For instance, if somebody had been hit by his father in early childhood, he will experience this situation of threat immediately, feel the fear, tremble and may even show signs of injuries. People don’t only have the same feelings they experienced at the time such as fear, pain or sadness but also reactions and impulses that were repressed at the time such as anger can be expressed.

Here an experience of a seminar participant:
“…I saw my father, bent over me, when I was sleeping in my bed, at the age of two, hitting me until I awoke. I felt immense anger and I could express a good part of it by screaming angrily; Exhausted I calmed down and rested for a bit…When I was listening to the drum music I experienced myself as a very talented and extraordinary drummer and I felt powerful and very energetic. Somehow I felt the connection between the breathing and the energy that it had generated…”


States of altered consciousness mobilise the unconsciousness, thereby charging deep tensions with energy. The following discharge then relieves the entire mental system, although some connections may not have been entirely understood. Thereby sudden shifts can occur from a pathological dynamic to a positive form of healing self-organisation, according to Sheldrake; a shift from fields of diseases to fields of sanity.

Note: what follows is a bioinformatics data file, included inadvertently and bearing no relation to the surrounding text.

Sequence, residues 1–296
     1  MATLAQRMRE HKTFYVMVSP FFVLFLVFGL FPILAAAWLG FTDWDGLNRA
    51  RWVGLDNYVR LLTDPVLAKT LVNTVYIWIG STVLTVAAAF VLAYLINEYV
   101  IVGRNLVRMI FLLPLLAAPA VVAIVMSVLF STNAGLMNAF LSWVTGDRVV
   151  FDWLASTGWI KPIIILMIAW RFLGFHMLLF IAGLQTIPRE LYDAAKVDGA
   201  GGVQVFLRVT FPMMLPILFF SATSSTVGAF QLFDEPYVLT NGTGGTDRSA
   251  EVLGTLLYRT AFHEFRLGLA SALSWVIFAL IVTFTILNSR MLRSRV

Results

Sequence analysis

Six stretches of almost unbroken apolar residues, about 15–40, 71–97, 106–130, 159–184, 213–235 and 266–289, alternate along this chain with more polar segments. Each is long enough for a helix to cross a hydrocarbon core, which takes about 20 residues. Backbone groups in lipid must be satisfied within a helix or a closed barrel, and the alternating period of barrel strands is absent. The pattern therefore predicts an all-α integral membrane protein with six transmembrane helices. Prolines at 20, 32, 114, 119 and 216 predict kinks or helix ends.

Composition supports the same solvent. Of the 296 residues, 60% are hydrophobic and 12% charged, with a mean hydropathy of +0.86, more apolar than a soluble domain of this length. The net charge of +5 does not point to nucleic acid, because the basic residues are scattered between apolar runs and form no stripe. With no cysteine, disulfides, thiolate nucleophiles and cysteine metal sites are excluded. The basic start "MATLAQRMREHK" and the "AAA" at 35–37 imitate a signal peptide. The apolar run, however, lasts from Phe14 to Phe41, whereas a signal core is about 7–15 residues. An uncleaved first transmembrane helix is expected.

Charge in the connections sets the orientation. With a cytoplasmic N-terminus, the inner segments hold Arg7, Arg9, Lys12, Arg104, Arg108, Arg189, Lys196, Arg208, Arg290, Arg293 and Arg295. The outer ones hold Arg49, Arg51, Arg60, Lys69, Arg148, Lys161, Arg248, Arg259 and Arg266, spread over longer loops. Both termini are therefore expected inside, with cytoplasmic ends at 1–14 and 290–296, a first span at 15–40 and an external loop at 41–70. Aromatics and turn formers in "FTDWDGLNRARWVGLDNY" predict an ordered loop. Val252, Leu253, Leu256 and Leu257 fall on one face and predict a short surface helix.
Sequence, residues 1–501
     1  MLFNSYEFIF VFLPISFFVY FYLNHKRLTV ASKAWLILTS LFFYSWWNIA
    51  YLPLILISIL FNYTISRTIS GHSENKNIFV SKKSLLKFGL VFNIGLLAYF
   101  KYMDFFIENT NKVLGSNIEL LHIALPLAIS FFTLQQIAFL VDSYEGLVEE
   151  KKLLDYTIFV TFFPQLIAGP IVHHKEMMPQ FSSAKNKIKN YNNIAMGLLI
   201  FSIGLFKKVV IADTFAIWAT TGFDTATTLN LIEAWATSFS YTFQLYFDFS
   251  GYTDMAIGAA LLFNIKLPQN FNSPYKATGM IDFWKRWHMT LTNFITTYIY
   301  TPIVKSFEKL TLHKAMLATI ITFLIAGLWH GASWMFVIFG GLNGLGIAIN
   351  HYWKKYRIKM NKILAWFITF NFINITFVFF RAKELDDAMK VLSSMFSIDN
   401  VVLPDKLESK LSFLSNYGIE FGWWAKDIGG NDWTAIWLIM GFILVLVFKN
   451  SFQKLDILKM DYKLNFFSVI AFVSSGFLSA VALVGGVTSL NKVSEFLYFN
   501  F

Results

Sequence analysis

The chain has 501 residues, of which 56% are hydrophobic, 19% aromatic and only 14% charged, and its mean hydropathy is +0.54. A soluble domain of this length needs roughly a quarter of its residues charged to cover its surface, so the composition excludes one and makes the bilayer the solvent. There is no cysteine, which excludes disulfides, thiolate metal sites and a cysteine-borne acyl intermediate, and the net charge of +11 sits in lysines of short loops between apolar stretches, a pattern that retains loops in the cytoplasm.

We know that emotional learning occurs subcortially in the limbic system, which is a little more sluggish than the associative and cognitive areas in the cerebral cortex. Therefore an inner turmoil is needed to change the unconscious limbic networks and open up emotional connections. Only focusing on cognitions does not work, as unconscious emotional fixation is still there.

As mentioned above, the sitters support the entire experience of dramatic situations. Either by holding or providing resistance, in order to increase tension until the final discharge or through nurturing and emotionally correcting experiences such as warming touch, hugs or else. This way, deep damages can be healed.

We can often find the solution in the middle of hurting experiences, where we can find healing powers of the transpersonal self such as pulsating energies and all-embracing love that are flowing through the cosmic consciousness. Hence the instruction in holotropic breathwork: go deeper into what you feel.

The criticism of a secondary traumatising experience is in my opinion invalid, as the entire experience is based on safety, expression, integration and healing. Holotropic breathwork also opens the store of resources and activates self-healing powers, as mentioned above, so that dissociated debris of the soul is integrated as narrative life scripts. This means that the collection of single, unconnected perceptions, how they are normally fragmentally saved in the trauma memory can become a whole story. This is of extraordinary importance for overcoming a trauma, because it is the only way to put terrible events into the past. Holotropic breathwork can also balance chronic deficits of warmth, safety and love in the sense of relaxation regressions. Inner structures such as fundamental trust, self-assurance and the certainty that I am being, can be increased. This is exemplified by the re-experience of a traumatic incidence in a hospital by a seminar attendee: